I sometimes refer to my experience with ovarian cancer (age 31) and subsequent preventative mastectomy with breast reconstruction (age 34 – 36) as 5 years of my life where I failed some tests and passed others. If we just look at the quality of my relationships, then technically, I didn’t learn my lesson until I was 34. I spent the first two years pushing people away and the last three years investing in the people around me. Jon was diagnosed shortly after my breast reconstruction began. He taught me a lot about living with cancer. I didn’t have the battle one usually has with ovarian cancer. I don’t have any explanation for why or how we caught it so quickly. I think I had some survivor’s guilt when he first got his diagnosis that was hard for me to reconcile. My experience was more of an interpersonal one over the 5 years. I wrecked a relationship in the first one, and started one in the second. Neither were parts of my “plan.” Which only means that I’ve spent a lot of time thinking about the way we experience intimacy, establish boundaries, and how cancer changes the way we connect with others. Okay, so maybe what I meant to say is that I’ve spent a lot of time learning from my mistakes and bad decisions.
After living through my experience and Jon’s, I now see that the change that cancer has on our definition of intimacy begins in the questions we ask ourselves from the moment we think we might hear our doctor say the “c” word. On the surface, the questions in our heads don’t seem like they represent a crisis of identity or capacity for intimacy. If you look at them carefully, you see that a lot of our questions relate to the strength of our relationships, the amount of trust we have in the relationship, and the boundaries that we set for them.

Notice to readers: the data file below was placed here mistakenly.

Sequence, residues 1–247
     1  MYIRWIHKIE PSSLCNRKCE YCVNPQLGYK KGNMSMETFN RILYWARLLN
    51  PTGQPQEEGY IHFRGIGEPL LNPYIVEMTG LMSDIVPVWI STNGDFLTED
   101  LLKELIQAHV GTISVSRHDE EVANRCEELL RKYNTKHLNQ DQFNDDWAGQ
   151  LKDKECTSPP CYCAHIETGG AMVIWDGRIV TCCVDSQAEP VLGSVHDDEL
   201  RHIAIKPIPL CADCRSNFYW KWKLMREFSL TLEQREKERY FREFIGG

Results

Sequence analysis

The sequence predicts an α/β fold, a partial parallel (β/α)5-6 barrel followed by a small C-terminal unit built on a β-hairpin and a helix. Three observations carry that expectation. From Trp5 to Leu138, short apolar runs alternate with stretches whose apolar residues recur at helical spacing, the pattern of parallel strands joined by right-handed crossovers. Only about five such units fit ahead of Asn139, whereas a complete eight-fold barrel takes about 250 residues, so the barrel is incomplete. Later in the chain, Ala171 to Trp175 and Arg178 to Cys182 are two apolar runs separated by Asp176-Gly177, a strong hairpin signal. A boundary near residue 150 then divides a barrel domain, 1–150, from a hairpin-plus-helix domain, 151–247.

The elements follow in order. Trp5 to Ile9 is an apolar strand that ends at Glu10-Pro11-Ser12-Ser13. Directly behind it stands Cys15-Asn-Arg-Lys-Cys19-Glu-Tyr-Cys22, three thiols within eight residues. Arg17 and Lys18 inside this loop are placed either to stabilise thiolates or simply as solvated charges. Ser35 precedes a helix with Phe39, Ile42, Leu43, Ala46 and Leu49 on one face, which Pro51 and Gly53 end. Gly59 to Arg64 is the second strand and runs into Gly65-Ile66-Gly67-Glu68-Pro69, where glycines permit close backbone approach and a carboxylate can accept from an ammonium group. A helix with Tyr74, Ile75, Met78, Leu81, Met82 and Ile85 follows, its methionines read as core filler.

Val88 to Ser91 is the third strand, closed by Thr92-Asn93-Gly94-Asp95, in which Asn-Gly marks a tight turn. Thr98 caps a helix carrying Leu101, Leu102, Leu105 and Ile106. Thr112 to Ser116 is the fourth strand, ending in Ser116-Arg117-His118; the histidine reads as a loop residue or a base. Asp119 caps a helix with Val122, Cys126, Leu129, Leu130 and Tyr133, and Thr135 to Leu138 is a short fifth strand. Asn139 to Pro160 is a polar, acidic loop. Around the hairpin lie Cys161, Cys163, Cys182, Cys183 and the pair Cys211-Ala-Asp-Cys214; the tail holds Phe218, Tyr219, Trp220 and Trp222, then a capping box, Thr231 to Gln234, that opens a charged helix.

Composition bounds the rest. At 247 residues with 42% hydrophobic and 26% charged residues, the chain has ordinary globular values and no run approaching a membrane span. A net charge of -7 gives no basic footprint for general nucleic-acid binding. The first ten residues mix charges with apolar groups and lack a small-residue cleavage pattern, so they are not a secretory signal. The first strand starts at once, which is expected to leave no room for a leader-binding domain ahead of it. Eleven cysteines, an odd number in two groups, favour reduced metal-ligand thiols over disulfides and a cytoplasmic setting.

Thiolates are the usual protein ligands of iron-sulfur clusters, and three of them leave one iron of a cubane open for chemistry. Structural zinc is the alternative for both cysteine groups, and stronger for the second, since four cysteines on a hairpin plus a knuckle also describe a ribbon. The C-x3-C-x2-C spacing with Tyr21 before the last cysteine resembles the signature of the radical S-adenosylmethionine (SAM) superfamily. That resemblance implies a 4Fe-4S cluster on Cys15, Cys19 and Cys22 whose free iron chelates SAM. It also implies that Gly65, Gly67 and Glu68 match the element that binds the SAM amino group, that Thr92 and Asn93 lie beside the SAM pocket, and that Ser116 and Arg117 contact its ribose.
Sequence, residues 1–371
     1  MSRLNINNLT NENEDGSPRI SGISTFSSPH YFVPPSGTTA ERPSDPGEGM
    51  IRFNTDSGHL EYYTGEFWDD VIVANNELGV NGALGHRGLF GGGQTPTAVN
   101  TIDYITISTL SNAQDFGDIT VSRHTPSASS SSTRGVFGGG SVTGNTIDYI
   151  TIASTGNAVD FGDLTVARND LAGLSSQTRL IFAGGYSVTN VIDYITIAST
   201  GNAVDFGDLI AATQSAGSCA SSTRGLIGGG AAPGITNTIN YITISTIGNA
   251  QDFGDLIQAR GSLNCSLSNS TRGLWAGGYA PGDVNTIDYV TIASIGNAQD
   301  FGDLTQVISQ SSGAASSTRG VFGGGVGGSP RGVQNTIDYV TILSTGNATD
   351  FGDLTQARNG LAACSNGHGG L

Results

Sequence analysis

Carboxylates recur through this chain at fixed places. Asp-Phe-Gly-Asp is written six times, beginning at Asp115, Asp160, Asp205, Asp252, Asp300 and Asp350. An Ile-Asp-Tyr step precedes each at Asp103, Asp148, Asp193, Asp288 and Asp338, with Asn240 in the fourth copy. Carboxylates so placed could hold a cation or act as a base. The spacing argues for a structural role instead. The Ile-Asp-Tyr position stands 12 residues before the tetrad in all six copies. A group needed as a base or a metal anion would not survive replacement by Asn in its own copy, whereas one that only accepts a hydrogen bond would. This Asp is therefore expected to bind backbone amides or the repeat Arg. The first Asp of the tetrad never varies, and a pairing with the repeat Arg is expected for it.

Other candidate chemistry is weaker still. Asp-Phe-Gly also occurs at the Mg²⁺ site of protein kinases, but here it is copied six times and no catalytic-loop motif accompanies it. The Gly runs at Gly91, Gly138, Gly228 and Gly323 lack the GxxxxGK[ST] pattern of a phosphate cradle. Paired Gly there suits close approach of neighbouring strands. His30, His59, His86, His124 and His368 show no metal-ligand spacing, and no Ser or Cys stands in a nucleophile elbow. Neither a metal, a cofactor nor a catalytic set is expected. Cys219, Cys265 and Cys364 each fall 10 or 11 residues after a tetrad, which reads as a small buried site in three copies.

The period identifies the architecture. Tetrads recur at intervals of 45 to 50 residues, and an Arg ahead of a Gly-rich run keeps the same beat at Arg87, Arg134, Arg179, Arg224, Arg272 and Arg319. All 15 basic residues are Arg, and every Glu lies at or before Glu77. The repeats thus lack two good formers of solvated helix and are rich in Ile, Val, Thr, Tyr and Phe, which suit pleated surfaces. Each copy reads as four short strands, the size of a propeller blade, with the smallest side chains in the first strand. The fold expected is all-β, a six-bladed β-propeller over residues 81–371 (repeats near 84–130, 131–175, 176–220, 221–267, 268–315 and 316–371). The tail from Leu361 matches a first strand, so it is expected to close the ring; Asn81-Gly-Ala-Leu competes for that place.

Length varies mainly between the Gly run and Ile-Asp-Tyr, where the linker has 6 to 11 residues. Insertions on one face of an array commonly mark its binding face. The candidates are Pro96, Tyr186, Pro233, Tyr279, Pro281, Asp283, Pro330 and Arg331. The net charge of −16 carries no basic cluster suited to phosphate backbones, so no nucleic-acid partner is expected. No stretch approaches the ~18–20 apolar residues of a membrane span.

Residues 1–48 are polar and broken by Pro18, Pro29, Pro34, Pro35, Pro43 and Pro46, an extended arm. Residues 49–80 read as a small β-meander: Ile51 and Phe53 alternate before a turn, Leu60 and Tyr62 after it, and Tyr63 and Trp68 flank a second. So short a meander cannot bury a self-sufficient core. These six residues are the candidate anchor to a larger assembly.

When do I tell my friends? Do I tell my parents now or is it too soon? I haven’t talked to (insert name) since they told me they couldn’t be in my life. Do I need to call and tell them about this? What is my partner going to think when I don’t have boobs? Do I get a power of attorney now or is it too early? How do I talk about what I want and need when it might hurt their feelings? How do I say how I feel right now when I don’t know what I feel? How do I apologize for being angry and lashing out when I just did it because I don’t want someone to help me get out of the shower but I know I can’t do it by myself? Why are all of these people around me saying they “support” me when all I’m doing is spending time consoling them? How do I ask if my drains are showing in this shirt without getting my feelings hurt because I just want to hear that I look pretty?
You get my point.
Sometimes we feel like we are starting over in our relationships because of the nature of our conversations surrounding our illness, treatments, decisions, etc. Before cancer, emotional intimacy could have occurred only after we’ve shared our darkest secrets or known each other for more than five years. We might have seen it as a “nice to have but not necessary” and confined it to a single person or something that we can never truly be vulnerable enough to experience. Then we find that cancer forces us to begin to experience intimacy as something that we need in multiple shapes and forms. We see that it is much more fluid that we realized. It becomes less about constant contact and historical knowledge and more about connection and mindfulness. We begin to see that a conversation with another patient covers topics that we used to consider taboo with a stranger. We get so good at describing our scars or lack of bowel movements that we don’t even realize that talking about these things used to be reserved only for our closest relationships. We quickly develop a way to communicate without words with our closest caretakers.